China ETFs Plunge After PBoC Says Liquidity ‘At a Reasonable Level’
June 24th 2013 at 8:56am by John Spence
The iShares FTSE China Large-Cap (NYSEArca: FXI) and other Chinese stock ETFs were down sharply Monday on liquidity fears as the Shanghai Composite absorbed its worst one-day loss in over almost four years.
The Shanghai Composite plunged over 5% while FXI shed more than 3% in U.S. premarket trading.
China ETFs have been slammed this month as short-term lending rates spike, triggering concerns the world’s second-largest economy is facing a major liquidity crisis. [More SHIBOR Woes Could Slam These ETFs]
“The worst of the liquidity crunch may now be behind us, but we believe interbank rates will stay at elevated levels until at least the second week of July,” said Standard Chartered China economist Stephen Green, in a MarketWatch report. “The longer this policy lasts, the more concerns about banking-sector stability will be raised. It may also cause slower credit growth in the second half.”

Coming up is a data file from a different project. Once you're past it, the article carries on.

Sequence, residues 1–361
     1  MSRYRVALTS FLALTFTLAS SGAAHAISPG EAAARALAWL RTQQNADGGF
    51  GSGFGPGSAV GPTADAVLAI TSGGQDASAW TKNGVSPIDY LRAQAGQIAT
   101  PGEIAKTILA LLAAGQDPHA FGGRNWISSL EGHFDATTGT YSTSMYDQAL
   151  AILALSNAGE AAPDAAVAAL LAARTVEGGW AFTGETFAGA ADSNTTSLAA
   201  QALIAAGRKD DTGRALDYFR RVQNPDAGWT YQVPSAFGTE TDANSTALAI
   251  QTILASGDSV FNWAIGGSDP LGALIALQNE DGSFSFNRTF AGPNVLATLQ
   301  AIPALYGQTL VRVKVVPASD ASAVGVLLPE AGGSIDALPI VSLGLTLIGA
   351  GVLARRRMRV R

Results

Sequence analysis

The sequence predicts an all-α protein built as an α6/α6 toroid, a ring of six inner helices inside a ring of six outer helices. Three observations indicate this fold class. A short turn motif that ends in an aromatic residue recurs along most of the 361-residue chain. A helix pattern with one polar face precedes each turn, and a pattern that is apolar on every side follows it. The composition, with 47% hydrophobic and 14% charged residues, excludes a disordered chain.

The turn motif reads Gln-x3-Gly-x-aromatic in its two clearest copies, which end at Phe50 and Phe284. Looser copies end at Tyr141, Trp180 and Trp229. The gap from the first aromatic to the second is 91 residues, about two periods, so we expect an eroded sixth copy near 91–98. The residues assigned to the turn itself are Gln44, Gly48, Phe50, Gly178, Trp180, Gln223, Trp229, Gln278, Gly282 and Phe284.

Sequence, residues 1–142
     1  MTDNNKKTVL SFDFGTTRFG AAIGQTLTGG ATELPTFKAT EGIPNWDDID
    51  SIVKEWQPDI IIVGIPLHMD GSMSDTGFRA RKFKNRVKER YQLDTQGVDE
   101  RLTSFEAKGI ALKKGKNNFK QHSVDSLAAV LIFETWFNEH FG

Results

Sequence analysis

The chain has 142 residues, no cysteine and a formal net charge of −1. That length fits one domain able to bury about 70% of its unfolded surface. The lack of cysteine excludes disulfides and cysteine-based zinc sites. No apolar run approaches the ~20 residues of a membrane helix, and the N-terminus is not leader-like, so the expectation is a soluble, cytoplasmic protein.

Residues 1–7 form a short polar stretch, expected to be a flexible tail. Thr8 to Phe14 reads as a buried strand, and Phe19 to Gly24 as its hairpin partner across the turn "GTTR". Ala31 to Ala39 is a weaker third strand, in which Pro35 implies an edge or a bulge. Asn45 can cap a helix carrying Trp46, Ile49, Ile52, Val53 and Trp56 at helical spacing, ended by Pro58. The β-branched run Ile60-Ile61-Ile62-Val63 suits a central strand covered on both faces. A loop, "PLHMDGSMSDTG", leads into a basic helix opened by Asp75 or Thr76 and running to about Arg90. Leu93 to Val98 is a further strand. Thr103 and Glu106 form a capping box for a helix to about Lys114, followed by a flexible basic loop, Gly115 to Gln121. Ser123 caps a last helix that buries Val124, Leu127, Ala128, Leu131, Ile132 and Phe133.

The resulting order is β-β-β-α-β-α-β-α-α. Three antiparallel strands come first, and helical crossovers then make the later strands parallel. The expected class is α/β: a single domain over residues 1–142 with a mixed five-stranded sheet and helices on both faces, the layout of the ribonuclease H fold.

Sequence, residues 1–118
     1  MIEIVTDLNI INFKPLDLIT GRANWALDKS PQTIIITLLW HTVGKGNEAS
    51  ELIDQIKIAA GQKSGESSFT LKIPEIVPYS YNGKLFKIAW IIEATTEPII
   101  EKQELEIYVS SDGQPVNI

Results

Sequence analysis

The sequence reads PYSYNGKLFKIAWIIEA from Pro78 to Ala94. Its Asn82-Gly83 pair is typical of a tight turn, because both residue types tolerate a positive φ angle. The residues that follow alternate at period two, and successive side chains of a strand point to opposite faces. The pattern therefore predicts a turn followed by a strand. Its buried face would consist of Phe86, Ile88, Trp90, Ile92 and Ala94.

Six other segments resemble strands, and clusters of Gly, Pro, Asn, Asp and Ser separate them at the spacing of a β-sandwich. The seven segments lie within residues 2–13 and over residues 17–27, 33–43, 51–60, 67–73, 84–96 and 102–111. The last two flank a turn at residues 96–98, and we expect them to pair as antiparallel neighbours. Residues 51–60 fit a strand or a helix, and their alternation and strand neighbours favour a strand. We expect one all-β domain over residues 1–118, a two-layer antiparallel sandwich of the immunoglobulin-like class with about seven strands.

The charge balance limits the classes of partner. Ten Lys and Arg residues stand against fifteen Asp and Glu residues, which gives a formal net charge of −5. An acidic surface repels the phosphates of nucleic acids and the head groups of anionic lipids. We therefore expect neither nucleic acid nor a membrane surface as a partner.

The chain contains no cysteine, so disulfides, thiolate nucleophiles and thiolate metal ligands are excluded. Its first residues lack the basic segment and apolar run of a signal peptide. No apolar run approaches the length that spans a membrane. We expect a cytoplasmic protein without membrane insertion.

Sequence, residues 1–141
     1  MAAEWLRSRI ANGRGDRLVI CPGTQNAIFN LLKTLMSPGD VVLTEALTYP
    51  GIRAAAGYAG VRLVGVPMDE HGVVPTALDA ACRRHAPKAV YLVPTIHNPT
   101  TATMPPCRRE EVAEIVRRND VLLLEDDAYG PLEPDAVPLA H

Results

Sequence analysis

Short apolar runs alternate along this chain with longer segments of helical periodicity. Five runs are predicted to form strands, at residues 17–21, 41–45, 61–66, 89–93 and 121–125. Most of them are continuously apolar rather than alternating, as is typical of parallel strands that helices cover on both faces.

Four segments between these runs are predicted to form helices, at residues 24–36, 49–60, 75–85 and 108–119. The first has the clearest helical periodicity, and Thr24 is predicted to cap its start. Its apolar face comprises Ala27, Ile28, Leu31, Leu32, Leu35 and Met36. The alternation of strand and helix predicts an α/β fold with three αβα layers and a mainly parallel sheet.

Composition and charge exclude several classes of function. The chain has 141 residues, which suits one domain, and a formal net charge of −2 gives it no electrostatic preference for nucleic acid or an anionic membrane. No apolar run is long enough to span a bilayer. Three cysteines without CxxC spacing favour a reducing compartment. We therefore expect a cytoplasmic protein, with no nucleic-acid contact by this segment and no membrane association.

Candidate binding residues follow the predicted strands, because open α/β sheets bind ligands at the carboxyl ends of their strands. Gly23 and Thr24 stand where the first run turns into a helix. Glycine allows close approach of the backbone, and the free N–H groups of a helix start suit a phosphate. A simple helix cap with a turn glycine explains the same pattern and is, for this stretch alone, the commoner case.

Chinese ETFs sold off after the People’s Bank of China said liquidity was at a “reasonable level” and urged large banks to do more to help restore calm to the country’s unsettled markets, the Financial Times reports.
The PBoC letter published Monday suggests the central bank is “in no rush to help overstretched lenders continue in their bad habits,” writes John Foley at Reuters BreakingViews. “This tough new approach could mean a little more chaos will be injected into China’s financial system.”
The FTSE China A50 Fund, a large ETF listed in Hong Kong, has seen record redemptions this month, a development that may discourage asset managers from launching new products, according to South China Morning Post.
iShares FTSE China Large-Cap
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